A number of veiled and bloodied effigies of women were yesterday installed in parks across Prague, apparently intended as a warning of the dangers of Islam. Police in the city have said supporters of two anti-Islamic groups, ‘Bloc Against Islam’ and ‘We Do Not Want Islam in the Czech Republic’ were responsible for the statues representing religious executions by means of the stoning of women.
The Czech News Agency (ČTK) reports Prague police spokesman Tomas Hulan saying police are dealing with the effigies. However, he added that the representations of the stoning of women which have appeared in a number of places in Prague veiled in blood-stained white cloths and surrounded by stones, do not appear to have breach any laws.
The effigies placed in such places as Charles Square and the Square of George of Poděbrady [pictured above] are accompanied by captions explaining the alleged reasons for the stoning of women. Signs reading “Pregnant after Rape” or “She Was Unfaithful” point out common reasons for being stoned to death in some Islamic countries.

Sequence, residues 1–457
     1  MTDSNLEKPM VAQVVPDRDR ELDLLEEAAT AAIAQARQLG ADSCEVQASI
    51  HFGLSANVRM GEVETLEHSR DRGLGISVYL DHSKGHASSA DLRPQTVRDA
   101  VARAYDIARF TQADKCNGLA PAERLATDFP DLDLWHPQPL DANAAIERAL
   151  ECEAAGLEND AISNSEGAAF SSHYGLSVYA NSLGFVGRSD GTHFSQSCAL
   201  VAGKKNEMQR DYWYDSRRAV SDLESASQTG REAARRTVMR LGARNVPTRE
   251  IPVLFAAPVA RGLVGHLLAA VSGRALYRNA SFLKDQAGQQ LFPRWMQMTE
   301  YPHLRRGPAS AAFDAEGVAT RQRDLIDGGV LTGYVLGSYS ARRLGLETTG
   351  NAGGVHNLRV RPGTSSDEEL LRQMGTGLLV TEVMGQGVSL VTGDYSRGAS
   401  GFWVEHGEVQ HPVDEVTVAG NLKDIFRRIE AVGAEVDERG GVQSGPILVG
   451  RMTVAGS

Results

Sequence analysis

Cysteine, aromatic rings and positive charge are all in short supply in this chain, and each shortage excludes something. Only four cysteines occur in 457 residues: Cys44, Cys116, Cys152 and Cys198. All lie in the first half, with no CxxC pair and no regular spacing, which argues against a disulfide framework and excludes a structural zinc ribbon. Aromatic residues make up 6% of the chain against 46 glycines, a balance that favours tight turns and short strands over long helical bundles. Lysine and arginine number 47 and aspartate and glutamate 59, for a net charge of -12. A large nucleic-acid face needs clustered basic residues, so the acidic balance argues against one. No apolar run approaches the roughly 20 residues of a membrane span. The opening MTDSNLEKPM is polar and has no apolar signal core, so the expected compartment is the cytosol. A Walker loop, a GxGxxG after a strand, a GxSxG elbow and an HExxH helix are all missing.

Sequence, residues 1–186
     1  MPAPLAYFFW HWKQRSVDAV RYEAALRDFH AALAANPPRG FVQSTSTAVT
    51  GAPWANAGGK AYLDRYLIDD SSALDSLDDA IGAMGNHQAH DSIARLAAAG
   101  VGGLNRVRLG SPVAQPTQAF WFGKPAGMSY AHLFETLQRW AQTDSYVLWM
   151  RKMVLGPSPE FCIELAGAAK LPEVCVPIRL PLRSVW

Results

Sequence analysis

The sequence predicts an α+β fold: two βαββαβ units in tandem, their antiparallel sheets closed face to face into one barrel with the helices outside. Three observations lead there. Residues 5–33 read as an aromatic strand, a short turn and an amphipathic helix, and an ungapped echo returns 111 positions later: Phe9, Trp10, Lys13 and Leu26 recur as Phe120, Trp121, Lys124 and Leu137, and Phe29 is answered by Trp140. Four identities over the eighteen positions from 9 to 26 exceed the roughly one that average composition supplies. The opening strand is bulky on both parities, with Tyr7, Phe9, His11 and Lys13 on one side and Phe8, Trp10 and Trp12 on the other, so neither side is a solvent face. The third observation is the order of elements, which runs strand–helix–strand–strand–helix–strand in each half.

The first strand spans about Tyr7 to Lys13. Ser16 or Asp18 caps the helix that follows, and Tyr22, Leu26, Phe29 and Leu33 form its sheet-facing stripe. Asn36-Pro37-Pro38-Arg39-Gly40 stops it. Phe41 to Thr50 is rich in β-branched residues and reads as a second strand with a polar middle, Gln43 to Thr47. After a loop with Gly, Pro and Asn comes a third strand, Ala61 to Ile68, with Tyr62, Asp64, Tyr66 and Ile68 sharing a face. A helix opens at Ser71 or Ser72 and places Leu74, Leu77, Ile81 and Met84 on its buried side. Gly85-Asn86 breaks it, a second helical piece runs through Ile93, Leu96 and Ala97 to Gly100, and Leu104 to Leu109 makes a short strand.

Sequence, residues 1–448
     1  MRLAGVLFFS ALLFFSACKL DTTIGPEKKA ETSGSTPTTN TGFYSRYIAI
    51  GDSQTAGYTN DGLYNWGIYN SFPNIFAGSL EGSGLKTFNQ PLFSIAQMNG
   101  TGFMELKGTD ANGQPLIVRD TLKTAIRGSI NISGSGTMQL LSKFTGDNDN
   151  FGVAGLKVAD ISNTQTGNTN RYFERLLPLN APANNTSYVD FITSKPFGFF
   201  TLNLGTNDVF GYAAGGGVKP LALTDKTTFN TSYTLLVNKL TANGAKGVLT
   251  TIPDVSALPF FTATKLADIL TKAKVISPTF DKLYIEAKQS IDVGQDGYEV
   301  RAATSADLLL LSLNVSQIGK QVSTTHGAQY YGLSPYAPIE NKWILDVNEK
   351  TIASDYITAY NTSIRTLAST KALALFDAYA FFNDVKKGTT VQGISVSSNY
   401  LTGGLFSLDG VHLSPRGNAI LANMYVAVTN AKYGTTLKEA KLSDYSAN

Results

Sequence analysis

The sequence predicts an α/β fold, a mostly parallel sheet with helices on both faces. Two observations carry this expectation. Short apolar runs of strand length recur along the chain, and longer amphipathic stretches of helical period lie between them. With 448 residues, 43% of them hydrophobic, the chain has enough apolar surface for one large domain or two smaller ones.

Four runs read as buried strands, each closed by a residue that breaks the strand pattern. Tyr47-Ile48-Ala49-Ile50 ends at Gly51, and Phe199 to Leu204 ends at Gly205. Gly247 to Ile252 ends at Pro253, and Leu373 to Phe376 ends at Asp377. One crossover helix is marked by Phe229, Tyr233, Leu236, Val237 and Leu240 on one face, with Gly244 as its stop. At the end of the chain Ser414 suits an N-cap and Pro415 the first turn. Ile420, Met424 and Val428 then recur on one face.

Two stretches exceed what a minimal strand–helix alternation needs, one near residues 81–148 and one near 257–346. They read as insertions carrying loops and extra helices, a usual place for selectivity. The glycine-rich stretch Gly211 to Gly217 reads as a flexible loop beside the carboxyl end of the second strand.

Artur Fiser, spokesman for ‘We Do Want Islam in the Czech Republic‘, explained to ČTK that the statues of the stoning victims are intended to warn of Islamic barbarism and violence committed against women. He said:
“Islamic barbarism is infiltrating us with a growing speed, but it has not touched upon majority society.
“We hope that if we open the eyes to the public before it gets here in full, people will not have to watch real stoning or read in the papers that a neighbour killed his daughter over the perverted notion of ‘honour’.”
‘We Do Not Want Islam in the Czech Republic’ is regularly mentioned in the reports on extremism published by the Czech Ministry of the Interior. Identified by the Ministry as part of the “extreme right” it has staged anti-Islamic events before, but followers are mainly active online.